Advice for applying for a CCCE grant I would say is to find an internship that you’re really passionate about and that you’re excited to write about because in the application process, you really want to have something to say, but that you truly mean. And I think that when I’m writing, I know the difference between when I’m writing something, I’m like, I have to write about this topic, but it doesn’t interest me versus when I’m writing for my heart and writing about things that really matter to me. And I think for this grant there are a lot of essay questions and prompts that are asking you to reflect on yourself and how this internship will affect you and the people around you. So I think having an internship that you’re excited to go to and you’re very open to learning new things, having new experiences, being uncomfortable and reflecting on that in the application creates a way more genuine application where the reader really gets to know who you are and what you’re passionate about, your values and those are all really important to share.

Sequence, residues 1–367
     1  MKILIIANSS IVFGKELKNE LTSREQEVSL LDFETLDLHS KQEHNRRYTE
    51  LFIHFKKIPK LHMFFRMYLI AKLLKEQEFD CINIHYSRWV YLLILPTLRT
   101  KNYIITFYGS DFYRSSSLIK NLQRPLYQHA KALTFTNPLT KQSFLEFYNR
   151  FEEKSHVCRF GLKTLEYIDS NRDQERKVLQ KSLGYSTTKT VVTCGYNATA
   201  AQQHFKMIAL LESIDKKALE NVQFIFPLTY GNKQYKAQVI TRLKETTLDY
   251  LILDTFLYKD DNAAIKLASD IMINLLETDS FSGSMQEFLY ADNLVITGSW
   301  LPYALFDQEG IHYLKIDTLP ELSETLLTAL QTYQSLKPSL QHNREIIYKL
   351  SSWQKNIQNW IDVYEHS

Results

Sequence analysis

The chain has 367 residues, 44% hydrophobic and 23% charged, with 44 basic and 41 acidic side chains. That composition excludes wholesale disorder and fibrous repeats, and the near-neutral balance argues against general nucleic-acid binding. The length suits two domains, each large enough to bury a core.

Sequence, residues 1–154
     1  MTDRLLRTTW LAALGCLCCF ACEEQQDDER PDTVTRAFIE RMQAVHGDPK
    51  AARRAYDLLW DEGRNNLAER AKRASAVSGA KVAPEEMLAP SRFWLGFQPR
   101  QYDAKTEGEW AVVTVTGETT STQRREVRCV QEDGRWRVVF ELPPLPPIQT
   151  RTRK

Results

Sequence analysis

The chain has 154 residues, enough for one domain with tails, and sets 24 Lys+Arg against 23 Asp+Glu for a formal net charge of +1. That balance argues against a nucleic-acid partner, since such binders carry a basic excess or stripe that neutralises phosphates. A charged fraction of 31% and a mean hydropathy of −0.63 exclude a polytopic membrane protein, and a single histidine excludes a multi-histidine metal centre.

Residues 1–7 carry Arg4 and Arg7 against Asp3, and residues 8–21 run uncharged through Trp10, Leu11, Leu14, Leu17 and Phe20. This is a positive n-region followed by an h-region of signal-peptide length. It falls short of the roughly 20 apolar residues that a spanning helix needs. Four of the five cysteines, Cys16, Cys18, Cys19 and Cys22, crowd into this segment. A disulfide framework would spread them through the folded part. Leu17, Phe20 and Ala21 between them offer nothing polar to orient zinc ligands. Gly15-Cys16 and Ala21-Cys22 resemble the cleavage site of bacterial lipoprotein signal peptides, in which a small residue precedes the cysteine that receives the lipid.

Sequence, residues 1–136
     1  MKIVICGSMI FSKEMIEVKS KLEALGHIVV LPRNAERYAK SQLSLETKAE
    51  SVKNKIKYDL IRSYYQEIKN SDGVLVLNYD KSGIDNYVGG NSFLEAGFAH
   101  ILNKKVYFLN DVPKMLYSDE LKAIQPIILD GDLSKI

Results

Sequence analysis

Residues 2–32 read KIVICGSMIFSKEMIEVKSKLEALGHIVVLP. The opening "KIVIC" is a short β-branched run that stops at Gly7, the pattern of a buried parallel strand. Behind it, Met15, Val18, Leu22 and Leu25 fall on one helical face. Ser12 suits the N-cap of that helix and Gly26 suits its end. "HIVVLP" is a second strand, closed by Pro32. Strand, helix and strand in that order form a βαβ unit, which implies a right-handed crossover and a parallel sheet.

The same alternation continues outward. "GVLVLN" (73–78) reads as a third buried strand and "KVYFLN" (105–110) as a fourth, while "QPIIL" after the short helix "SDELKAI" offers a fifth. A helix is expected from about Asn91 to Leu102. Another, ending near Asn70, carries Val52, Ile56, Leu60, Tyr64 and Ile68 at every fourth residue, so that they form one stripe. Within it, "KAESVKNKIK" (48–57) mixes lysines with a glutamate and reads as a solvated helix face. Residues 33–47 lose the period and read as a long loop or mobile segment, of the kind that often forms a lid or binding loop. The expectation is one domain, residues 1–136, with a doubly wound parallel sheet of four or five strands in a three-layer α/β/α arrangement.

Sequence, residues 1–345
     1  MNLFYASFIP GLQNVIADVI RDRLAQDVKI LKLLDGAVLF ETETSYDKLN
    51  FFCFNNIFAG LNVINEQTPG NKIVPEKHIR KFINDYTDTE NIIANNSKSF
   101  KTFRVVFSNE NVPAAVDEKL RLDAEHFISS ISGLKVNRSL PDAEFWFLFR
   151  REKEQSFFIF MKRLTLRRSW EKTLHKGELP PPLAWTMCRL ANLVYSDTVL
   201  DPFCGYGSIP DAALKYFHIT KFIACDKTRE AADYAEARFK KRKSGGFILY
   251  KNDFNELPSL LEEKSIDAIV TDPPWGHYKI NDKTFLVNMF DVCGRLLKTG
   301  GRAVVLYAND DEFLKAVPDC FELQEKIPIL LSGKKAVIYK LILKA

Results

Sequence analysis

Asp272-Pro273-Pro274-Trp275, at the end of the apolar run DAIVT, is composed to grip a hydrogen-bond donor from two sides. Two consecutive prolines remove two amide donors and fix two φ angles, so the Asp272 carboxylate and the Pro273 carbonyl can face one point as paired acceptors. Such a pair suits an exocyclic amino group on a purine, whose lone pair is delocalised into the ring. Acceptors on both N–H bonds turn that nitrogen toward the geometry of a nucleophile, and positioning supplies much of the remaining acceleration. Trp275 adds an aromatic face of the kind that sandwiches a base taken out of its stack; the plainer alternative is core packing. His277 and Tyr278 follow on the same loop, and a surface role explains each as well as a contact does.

I think the application process overall went really smoothly. I think having a rolling basis is really helpful because whenever you get your internship and you confirm it, then you can go and apply for the grant so you don’t have to wait a long time or like be stressed about a deadline. It also kind of incentivizes getting it done early to be one of the first people to apply. Knowing that I was someone who was applying really late last year, I still was able to get funding. So I really appreciated that. It wasn’t all gone by the time I was going to apply. It was also really helpful to reach out to the people who could help me and answer my questions. So I would email a lot and I would get really quick responses that would help me with my application. And then you propose a budget, which I thought was helpful because it made me do a really solid breakdown of how much I would actually be spending there, which is helpful for myself. Anyway, it was also great because I could ask for an amount of money that was appropriate for my internship so I wouldn’t have leftover money that I didn’t know what to do with and felt badly about because I took it away from somebody else. But also if I needed slightly more money than some other grants, I was able to ask for that and it made me feel more confident, confident about doing my internship because I knew I had support from Middlebury and the CCE. So I would say start the process early because that’s always important and be in touch, be excited, and write from your heart and write what you think is important to you. I always find it easiest to write everything out on paper and then go and refine it afterward because some of my most genuine thoughts are the first things I write. So that would be my advice. And then there’s a budget template. You can look at that, but if you need help, I always ask either my parents or I reach out to the office and they’ll gladly.